The Voice of Things

By Sven Birkerts

My wife and I moved a short while back from our crowded and lair-like house outside Boston to an abruptly more open and airy place in Amherst. Over a month in, I’m still gaping at new space and different light. The move came after thirty years in the house that most of our lives had happened in, the house about which I said for close to thirty years to anyone who would listen, “You’re going to have to bury me out back by the hollowed-out apple tree trunk.” And I meant it.

How I (we) got from that primal allegiance to ordering boxes from Home Depot is a narrative I won’t try to unspool. Suffice it to say, the boxes arrived in bundles of ten, so many that we admitted we had over-bought, an admission we retracted a few weeks later when we had to repeat the order.

I found that going through my accumulations became an ongoing encounter with everyone I’ve been on the way to whoever I am now.

Books were obviously the most powerful triggers, and I could fill many pages just itemizing my hours of vetting. There was no way I could just stack them by the handful into the boxes. The process for me was akin to updating an old address book, a kind of time-travel. The Alexandria Quartet (keep, maybe…), The Sportswriter (am I really going to read about Frank Bascombe again?), The Wings of the Dove (there may yet come a day…) and so on. If one were to follow that stream-of-consciousness until all the books were packed, the diary of my inner life—which is to say—my reading life, would be on open display.

Then there were all those things, objects saved through the years. The “keep or take” dilemma for those was usually fairly straightforward. The decisions were made along the lines of usefulness and sentiment. Much calling across the room. “What about this?” “Are you kidding? My sister gave me that—I want it!” Between the two of us most of the “stuff” got sorted and was either saved or set aside for the big Goodwill truck parked out behind the Stop & Shop.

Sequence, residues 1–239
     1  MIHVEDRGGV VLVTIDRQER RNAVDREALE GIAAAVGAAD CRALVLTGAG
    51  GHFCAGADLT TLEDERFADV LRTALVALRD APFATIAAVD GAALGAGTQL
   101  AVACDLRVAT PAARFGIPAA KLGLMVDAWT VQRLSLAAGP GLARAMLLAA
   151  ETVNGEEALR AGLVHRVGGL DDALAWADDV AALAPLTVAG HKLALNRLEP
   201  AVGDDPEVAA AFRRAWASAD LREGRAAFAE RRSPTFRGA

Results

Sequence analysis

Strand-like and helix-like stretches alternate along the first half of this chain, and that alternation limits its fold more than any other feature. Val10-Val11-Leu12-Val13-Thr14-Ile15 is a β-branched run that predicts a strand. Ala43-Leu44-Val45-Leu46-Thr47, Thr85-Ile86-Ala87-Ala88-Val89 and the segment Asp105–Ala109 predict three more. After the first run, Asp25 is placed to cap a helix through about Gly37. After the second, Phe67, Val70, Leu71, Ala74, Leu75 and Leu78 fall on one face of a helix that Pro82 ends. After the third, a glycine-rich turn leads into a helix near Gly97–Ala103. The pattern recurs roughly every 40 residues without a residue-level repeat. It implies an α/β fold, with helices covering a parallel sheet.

But now I ask, for I still wonder, what about everything else? What about all the things in between? Things not necessarily useful but also not saturated with association. The Latvian ornament someone gave my parents who then passed it to me; the watches and glasses I will never wear again; that small piece of the Berlin Wall, alongside with a chip of granite taken from Joyce’s Martello tower in Dublin; a small, glazed ceramic head my daughter made; that silver flask my wife gave my father for his birthday…

Asked, I will claim a love of spareness. I privately invoke Tolstoy’s story “How Much Land Does a Man Need?” and affirm the answer: six feet. So then what are all those boxes doing there, Mr. Kane? If I never opened those boxes again, just left them piled up there through the seasons, I would probably forget them entirely. So why not the dumpster?

This, I guess, brings the real question. Why, if not out of nostalgia or utility, does one keep something? Why can’t I toss that old wooden knife sharpener shaped like a rooster? My album of Paul Butterfield’s East-West, which will never revolve on a turntable again?

The answer is, I think, shockingly simple. I keep these things because I have gone through time with them. They have been in my field of vision for decades, many of them. The Butterfield album was there with me in room after room of my growing up. The objects I keep are not necessarily connected to special occasions and mark no anecdotally special moments. They belong to the special class of nouns: they were the things that were with me, part of my surroundings as year after year I moved through my ordinary day.

These familiar things, no matter how useless, hold the mark of our nearness to them. An object seen daily for thirty years is one I have gradually irradiated with my idle glances, or, vice versa, that has molecule by molecule imprinted itself on me, staked its mysterious claim. All these recognitions belong to the profound retrospective that is packing-up. They determine for me letting go and also preview what might yet happen. I have little doubt that they also stand in for larger and deeper assessments still to come.  

Sven Birkerts is the author, most recently, of Speak, Memory, a meditation on Vladimir Nabokov’s memoir. He co-edits the journal AGNI.  This piece originally appeared in the literary magazine, Brevity. 

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